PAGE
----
Does Size Matter in Ancient Art?

Singapore may not be a place where you’d find nude works of art everywhere, but even with the absence of them, you’d be very familiar with many classic works of art from artists like Michelangelo or Da Vinci. And if you were curious (as you should be) about the – ahem – ‘size’ of certain body parts of statues like Michelangelo’s ‘David’, some academics and artsy types have an answer for you.

Don’t worry, you’re not alone in your curiosity. Even folks in Europe who’re used to seeing naked statues are wondering about the phallus sizes depicted in art. If being ‘big’ is a sign of masculinity and dominance, why is David’s so… tiny?

Blogger Ellen Oredsson explains that it’s all down to a culture shift. The appreciation of “big” is a more modern context – people these days associate tall skyscrapers the way people associate big members with power. But it wasn’t the case when Michelangelo first carved his David.

“Back then, small penises were considered better than big ones,” says Oredsson. She’s not alone in that assessment. Apparently, Ancient Greece was a highly masculine culture that favoured ‘small and taut’ genitals, as opposed to big ones, to show male self-control – this is according to photographer Ingrid Berthon-Moine, who’s very familiar with photographing ancient Greek testicles.

The male form

In ancient art, nudity is important, because according to art historian Anna Tahinci, it was seen as the ‘perfect form’ for the representation of the human body – both in ancient Greece, and later, Rome.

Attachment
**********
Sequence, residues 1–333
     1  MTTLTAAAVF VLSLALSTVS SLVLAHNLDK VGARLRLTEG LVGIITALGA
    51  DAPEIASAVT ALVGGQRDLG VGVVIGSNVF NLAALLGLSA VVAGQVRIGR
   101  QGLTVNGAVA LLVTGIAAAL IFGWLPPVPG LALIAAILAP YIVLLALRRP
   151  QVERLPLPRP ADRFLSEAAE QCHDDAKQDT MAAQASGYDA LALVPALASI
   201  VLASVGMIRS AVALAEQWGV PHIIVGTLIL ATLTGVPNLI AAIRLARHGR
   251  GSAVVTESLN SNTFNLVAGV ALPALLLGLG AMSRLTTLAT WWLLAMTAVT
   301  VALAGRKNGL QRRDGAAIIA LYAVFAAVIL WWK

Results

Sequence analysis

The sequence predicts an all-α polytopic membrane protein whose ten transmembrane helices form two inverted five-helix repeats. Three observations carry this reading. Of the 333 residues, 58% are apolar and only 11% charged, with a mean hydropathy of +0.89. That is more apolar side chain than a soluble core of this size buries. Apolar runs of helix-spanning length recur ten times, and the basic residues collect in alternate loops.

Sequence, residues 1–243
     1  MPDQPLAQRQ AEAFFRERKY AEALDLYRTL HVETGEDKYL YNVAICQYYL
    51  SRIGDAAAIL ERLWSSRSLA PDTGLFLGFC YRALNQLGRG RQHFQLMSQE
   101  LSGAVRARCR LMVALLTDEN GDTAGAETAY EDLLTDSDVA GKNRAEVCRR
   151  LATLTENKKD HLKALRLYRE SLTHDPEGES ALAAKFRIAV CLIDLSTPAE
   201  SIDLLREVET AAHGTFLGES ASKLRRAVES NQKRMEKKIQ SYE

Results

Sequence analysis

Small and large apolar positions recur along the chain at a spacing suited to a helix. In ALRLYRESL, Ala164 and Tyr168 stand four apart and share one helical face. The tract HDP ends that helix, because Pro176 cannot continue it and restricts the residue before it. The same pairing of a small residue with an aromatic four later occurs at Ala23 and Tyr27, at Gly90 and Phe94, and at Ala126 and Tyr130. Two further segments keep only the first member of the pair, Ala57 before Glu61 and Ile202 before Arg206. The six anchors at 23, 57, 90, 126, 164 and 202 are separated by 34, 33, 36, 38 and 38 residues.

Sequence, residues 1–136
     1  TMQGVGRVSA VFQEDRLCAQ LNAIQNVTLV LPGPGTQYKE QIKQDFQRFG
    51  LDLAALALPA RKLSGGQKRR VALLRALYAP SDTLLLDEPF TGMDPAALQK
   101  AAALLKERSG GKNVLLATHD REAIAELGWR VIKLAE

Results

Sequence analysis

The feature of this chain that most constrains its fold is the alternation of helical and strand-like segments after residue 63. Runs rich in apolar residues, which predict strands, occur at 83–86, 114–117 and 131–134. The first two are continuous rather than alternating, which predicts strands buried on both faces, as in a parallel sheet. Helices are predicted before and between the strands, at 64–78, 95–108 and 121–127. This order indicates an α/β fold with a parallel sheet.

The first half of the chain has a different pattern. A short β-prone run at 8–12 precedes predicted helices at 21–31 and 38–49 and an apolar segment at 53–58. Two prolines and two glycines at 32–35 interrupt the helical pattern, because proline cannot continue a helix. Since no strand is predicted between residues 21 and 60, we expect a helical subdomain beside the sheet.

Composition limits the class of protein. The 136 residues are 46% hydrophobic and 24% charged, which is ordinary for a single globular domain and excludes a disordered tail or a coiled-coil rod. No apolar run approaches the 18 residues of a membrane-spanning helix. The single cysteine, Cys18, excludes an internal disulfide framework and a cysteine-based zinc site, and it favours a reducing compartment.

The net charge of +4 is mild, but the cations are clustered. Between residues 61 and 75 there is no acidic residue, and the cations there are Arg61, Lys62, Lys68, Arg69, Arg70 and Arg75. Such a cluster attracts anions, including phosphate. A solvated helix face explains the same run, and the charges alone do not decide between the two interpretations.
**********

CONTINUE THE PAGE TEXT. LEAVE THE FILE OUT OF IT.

This allows viewers a good way to view the ideal male form, described in one of Aristophanes’s plays as having “good chest, a clear complexion, broad shoulders, sturdy buttocks, and…a small genteel penis.”

But it’s not just the size that mattered – ancient Greeks valued certain types as well. For example, they preferred longer foreskins (in relation to the length of the entire organ) which was considered more attractive and modest than an exposed (aka circumcised) one, according to Frederick M. Hodges, a scholar who writes about circumcision.

According to his research, male genitals in ‘sophisticated art’ featured “unretracted, teat-like, and neatly tapered” members. An erect, bare one would be dishonourable (no surprise there).

However, while the “genteel penis” is what’s shown in public, they often have “rakishly protuberant phalluses in private” that’s more commonly depicted in erotic art, like those found on vases. Timothy McNiven, author of “The Unheroic Penis: Otherness Exposed”, considers this “the best of both worlds.”

While all of these theories may be pure speculation, we can all probably agree on one thing: all these scholars have a very interesting job.